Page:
Vaccines that can rapidly induce strong and robust antibody-mediated immunity could improve protection from certain infectious diseases for which current vaccine formulations are inefficient. For indications such as anthrax and influenza, antibody production in vivo is a correlate of efficacy. Toll-like receptor (TLR) agonists are frequently studied for their role as vaccine adjuvants, largely because of their ability to enhance initiation of immune responses to antigens by activating dendritic cells. However, TLRs are also expressed on B cells and may contribute to effective B cell activation and promote differentiation into antigen-specific antibody producing plasma cells in vivo. We sought to discover an adjuvant system that could be used to augment antibody responses to influenza and anthrax vaccines. We first characterized an adjuvant system in vitro which consisted of two TLR ligands, poly I:C (TLR3) and Pam3CSK4 (TLR2), by evaluating its effects on B cell activation. Each agonist enhanced B cell activation through increased expression of surface receptors, cytokine secretion and proliferation. However, when B cells were stimulated with poly I:C and Pam3CSK4 in combination, further enhancement to cell activation was observed. Using B cells isolated from knockout mice we confirmed that poly I:C and Pam3CSK4 were signaling through TLR3 and TLR2, respectively. B cells activated with Poly I:C and Pam3CSK4 displayed enhanced capacity to stimulate allogeneic CD4+ T cell activation and differentiate into antibody-producing plasma cells in vitro. Mice vaccinated with influenza or anthrax antigens formulated with poly I:C and Pam3CSK4 in DepoVax™ vaccine platform developed a rapid and strong antigen-specific serum antibody titer that persisted for at least 12 weeks after a single immunization. These results demonstrate that combinations of TLR adjuvants promote more effective B cell activation in vitro and can be used to augment antibody responses to vaccines in vivo.
Citation: Weir GM, Karkada M, Hoskin D, Stanford MM, MacDonald L, Mansour M, et al. (2017) Combination of poly I:C and Pam3CSK4 enhances activation of B cells in vitro and boosts antibody responses to protein vaccines in vivo. PLoS ONE 12(6): e0180073. https://doi.org/10.1371/journal.pone.0180073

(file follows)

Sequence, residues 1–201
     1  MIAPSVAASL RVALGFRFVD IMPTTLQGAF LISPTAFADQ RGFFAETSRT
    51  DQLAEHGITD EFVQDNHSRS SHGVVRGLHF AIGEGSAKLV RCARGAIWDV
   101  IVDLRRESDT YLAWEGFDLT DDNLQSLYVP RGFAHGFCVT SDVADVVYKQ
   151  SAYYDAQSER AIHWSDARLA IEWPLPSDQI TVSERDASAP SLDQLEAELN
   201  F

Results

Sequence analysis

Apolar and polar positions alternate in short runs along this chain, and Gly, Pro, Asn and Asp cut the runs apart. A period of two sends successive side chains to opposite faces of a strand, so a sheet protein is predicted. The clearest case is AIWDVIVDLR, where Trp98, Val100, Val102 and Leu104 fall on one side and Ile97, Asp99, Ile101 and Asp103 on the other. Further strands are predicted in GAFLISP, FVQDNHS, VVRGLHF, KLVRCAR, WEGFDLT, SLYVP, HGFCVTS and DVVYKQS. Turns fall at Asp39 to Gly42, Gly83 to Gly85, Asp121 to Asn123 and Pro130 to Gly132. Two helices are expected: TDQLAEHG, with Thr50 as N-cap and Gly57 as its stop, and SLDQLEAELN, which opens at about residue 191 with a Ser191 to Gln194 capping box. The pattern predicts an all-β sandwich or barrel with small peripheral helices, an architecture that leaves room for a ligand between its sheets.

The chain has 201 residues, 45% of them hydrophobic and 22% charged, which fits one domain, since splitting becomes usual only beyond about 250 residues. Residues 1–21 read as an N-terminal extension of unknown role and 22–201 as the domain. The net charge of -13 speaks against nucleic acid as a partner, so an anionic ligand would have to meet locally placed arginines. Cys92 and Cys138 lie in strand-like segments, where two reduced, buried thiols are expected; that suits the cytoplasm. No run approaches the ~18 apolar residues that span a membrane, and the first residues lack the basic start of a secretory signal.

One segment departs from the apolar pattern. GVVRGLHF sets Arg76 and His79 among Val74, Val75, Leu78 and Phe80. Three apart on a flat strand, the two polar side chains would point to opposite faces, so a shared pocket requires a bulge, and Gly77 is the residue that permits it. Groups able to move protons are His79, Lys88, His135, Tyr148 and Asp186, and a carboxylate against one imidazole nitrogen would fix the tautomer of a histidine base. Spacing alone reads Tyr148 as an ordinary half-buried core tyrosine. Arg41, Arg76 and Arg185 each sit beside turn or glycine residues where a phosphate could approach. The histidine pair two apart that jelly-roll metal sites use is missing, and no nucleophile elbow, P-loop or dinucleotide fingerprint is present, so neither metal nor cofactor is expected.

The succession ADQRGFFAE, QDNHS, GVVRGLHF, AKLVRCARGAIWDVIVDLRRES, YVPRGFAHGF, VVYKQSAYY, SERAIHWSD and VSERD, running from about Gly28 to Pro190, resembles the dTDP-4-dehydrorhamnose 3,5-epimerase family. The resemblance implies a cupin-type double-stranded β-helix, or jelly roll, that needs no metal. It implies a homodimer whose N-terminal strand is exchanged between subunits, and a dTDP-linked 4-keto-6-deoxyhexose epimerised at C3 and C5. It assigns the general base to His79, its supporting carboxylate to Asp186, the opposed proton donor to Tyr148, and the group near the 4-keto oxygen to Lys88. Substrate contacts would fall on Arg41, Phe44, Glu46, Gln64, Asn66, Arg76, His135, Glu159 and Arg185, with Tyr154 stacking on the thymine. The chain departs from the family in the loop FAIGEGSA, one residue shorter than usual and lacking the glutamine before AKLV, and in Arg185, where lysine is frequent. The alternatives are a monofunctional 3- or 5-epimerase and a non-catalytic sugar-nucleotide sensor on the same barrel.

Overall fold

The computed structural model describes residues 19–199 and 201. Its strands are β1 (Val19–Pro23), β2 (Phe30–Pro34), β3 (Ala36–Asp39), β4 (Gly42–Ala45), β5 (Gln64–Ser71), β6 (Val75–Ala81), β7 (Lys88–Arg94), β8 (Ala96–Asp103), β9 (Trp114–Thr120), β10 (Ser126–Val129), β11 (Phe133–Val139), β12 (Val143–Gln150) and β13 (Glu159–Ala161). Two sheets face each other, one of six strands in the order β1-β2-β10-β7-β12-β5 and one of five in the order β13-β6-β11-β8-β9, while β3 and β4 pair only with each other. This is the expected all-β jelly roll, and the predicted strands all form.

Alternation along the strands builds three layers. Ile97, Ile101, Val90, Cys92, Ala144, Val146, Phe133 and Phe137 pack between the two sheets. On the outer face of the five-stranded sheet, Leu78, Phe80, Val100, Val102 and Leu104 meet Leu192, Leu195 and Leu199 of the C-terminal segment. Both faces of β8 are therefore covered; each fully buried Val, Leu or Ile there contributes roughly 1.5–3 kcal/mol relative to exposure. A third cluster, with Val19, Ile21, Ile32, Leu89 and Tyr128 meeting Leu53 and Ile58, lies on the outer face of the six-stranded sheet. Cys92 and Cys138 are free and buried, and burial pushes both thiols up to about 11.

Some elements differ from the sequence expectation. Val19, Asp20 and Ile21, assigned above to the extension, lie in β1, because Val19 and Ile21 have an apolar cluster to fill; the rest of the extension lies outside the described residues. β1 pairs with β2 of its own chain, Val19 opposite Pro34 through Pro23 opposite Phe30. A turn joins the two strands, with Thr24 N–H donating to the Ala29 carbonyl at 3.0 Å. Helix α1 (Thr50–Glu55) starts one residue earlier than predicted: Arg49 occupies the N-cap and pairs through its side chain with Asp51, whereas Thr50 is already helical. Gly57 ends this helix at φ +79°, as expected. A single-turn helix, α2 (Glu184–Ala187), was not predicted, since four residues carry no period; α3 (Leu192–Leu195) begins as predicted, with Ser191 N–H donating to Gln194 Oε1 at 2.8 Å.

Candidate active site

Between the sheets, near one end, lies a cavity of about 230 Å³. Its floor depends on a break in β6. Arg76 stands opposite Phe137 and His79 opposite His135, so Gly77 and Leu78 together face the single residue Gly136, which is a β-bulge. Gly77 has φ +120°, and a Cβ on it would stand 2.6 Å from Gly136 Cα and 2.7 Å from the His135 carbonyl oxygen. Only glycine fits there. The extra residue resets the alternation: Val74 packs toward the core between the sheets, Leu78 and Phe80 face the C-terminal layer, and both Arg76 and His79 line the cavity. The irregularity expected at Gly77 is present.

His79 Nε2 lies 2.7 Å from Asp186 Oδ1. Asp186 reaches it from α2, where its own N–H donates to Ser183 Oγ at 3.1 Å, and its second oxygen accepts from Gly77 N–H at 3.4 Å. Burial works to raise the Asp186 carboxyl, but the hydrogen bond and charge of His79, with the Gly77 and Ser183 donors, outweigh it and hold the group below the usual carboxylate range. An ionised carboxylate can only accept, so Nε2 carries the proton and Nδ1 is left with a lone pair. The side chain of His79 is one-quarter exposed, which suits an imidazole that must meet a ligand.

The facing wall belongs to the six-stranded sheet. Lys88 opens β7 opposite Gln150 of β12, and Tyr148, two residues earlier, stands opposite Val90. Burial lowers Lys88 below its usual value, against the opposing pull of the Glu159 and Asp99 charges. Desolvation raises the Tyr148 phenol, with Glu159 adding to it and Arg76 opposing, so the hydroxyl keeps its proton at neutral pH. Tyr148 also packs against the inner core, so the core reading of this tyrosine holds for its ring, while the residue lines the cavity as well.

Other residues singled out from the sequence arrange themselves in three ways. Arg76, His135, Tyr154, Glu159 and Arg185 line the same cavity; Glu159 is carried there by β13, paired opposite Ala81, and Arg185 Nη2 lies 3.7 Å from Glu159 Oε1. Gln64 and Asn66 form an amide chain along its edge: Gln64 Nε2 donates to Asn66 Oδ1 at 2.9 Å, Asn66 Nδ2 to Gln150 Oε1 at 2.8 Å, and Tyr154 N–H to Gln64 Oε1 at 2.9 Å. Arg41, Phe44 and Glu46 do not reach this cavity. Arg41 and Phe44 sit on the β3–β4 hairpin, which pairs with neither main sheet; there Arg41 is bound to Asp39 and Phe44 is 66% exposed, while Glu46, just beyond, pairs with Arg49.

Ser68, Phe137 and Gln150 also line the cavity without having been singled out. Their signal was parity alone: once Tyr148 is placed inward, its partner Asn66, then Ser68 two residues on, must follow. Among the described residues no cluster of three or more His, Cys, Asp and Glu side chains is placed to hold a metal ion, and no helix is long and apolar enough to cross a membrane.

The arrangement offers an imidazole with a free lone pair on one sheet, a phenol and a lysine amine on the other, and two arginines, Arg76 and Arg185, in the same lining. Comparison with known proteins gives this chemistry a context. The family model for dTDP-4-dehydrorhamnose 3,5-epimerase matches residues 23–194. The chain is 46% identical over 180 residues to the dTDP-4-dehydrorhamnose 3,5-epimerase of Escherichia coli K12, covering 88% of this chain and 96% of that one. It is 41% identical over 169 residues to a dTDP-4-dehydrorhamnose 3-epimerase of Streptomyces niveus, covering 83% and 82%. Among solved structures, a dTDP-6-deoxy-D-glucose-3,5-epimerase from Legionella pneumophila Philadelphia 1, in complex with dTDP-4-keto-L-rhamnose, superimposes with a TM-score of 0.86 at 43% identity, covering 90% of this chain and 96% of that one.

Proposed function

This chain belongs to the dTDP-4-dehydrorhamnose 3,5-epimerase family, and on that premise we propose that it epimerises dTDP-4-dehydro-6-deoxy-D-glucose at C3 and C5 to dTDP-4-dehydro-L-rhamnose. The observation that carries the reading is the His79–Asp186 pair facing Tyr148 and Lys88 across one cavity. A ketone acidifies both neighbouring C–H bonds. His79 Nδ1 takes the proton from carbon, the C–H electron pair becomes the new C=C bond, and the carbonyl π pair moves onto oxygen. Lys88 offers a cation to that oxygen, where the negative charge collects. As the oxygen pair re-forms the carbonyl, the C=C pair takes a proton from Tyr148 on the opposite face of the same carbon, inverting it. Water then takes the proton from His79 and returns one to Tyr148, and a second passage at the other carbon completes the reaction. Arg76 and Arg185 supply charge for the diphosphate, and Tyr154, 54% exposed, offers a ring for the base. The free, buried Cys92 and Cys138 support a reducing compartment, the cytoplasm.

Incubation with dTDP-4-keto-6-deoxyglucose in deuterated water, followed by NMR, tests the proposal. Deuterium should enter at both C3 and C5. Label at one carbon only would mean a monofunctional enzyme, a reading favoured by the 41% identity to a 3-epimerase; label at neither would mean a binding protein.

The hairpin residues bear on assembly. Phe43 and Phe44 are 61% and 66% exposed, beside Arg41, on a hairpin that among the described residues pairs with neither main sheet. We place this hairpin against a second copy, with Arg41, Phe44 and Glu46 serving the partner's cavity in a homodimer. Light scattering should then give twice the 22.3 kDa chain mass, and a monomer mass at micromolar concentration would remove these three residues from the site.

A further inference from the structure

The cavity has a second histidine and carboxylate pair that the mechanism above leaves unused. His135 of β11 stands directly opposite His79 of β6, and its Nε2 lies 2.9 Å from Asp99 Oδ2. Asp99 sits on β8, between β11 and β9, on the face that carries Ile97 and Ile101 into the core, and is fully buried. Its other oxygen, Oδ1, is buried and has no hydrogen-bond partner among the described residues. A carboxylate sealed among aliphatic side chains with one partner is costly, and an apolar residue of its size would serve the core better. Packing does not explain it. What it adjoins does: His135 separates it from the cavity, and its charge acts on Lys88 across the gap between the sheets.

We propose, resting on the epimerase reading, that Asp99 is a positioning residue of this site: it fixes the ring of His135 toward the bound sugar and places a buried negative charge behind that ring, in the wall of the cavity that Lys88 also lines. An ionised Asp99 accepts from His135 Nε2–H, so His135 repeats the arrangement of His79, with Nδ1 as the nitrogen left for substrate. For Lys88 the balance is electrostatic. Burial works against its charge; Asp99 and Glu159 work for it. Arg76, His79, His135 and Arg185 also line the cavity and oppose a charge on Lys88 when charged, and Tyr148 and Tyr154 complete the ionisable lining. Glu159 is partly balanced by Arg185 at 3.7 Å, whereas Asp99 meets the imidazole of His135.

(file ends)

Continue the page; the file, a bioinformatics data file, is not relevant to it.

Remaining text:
Editor: Alain Haziot, INSERM, FRANCE
Received: December 14, 2016; Accepted: June 11, 2017; Published: June 29, 2017
Copyright: © 2017 Weir et al. This is an open access article distributed under the terms of the Creative Commons Attribution License, which permits unrestricted use, distribution, and reproduction in any medium, provided the original author and source are credited.
Data Availability: All relevant data are within the paper and its Supporting Information files.
Funding: This work was funded by Immunovaccine Inc., Canada Foundation for Innovation Award, Dalhousie University Clinical Research Scholar Award and an NSERC Discovery Grant. The funders had no role in study design, data collection and analysis, decision to publish, or preparation of the manuscript.
Competing interests: The authors have read the journal's policy and the authors of this manuscript have the following competing interests: GW, MK, MS, LM, MM were employees of Immunovaccine at the time this study was conducted. GW, LM, MM and RL are named inventors on a pending patent filed using the data of this study. There are no other competing interests to declare. This does not alter our adherence to PLOS ONE policies on sharing data and materials.
Pre-existing antibodies offer the best protection against infection, and many vaccines are available that can effectively mitigate risk of serious infection through prophylactic immunizations. However, for some indications current vaccine formulations do not provide adequate protection. Hence, there is an urgent need to develop novel vaccine technologies to meet these needs. Influenza and anthrax are two examples of indications for which improved and/ or new vaccines are required. Although these indications are quite different in terms of pathogenesis and antigen type, antibody production is the correlate of a protective immune response for both. Therefore, an optimal vaccine for these infectious diseases would induce a rapid and long lasting antibody mediated response with minimal immunizations [1, 2].